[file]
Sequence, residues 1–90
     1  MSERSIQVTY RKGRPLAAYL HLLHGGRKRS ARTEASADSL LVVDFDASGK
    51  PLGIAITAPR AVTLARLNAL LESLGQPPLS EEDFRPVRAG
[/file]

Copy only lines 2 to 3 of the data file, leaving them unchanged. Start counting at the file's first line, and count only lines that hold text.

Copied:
     1  MSERSIQVTY RKGRPLAAYL HLLHGGRKRS ARTEASADSL LVVDFDASGK
    51  PLGIAITAPR AVTLARLNAL LESLGQPPLS EEDFRPVRAG